It is well established that the supramammillary nucleus plays a critical role in hippocampal theta rhythm generation/regulation by its direct and indirect (via the septal complex) connections to the hippocampus. Previous morphological and electrophysiological studies indicate that both the supramammillo-hippocampal and supramammillo-septal efferents contain excitatory transmitter. To test the validity of this assumption, transmitter specific retrograde tracer experiments were performed. [3H]D-aspartate was injected into different locations of the hippocampus (granular and supragranular layers of the dentate gyrus and CA2 and CA3a areas of the Ammon's horn) and septal complex (medial septum and the area between the medial and lateral septum) that are known targets of the supramammillary projection. Consecutive vibratome sections prepared from the entire length of the posterior hypothalamus, including the supramammillary area, were immunostained for calretinin, tyrosine hydroxylase, or calbindin, and further processed for autoradiography. Radiolabeled, radiolabeled plus calretinin- containing, and calretinin-immunoreactive neurons were plotted at six different oro-caudal levels of the supramammillary area. The results demonstrated that following both hippocampal and septal injection of the tracer, the majority of the retrogradely radiolabeled (glutamatergic/aspartatergic) cells are immunoreactive for calretinin. However, non-radiolabeled calretinin-containing neurons and radiolabeled calretinin-immunonegative cells were also seen, albeit at a much lower density. These observations clearly indicate the presence of glutamatergic/aspartatergic projections to both the hippocampus and septal complex. It may be assumed that this transmitter could play a role in hippocampal theta rhythm generation/regulation. (C) 2000 IBRO. Published by Elsevier Science Ltd.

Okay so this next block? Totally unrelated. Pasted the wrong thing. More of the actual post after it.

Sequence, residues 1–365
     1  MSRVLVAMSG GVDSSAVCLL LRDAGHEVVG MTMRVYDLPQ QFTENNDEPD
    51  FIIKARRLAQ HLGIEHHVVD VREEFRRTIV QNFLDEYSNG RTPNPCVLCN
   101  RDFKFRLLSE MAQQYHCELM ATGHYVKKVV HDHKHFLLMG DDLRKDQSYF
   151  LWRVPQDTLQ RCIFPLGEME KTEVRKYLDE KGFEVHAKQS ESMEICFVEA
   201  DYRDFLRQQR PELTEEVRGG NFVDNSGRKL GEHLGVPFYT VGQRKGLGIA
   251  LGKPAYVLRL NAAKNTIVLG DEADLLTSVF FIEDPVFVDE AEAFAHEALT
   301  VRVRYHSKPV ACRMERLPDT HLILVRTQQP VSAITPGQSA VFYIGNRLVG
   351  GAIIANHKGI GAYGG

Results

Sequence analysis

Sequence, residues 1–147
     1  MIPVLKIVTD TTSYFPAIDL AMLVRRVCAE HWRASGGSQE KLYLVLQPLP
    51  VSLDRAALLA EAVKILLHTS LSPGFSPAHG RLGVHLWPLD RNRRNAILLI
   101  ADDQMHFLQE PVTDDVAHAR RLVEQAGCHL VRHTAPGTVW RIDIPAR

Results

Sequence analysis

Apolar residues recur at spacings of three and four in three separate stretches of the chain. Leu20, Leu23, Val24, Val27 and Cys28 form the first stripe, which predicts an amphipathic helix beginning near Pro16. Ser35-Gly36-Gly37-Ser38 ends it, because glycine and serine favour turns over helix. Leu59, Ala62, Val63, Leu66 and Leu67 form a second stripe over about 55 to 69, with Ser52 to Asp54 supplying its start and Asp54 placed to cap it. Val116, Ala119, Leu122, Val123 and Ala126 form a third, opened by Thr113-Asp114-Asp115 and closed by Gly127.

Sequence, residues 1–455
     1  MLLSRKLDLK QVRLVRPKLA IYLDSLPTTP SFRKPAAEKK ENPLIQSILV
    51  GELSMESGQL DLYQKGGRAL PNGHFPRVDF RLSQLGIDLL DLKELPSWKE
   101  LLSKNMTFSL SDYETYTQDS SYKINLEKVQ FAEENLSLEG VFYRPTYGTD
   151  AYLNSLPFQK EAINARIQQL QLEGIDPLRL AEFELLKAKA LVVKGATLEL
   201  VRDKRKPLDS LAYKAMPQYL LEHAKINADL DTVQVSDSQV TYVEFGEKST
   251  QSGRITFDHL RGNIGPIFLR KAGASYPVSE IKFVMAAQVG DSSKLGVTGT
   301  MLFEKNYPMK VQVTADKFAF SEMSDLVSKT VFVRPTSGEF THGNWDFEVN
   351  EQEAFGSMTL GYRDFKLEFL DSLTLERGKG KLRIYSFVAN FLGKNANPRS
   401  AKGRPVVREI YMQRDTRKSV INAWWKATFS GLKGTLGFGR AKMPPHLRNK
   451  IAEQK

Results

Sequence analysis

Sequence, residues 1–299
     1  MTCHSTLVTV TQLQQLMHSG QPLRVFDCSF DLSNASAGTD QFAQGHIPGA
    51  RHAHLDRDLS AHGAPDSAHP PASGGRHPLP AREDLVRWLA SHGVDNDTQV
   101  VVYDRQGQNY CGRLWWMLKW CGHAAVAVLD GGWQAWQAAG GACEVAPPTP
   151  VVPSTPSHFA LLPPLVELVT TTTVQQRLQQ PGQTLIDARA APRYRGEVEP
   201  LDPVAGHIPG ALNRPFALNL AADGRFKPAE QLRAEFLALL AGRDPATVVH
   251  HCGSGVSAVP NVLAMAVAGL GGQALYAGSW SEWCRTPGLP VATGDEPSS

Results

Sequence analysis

- Theta rhythm
- Transmitter specific retrograde tracing
ASJC Scopus subject areas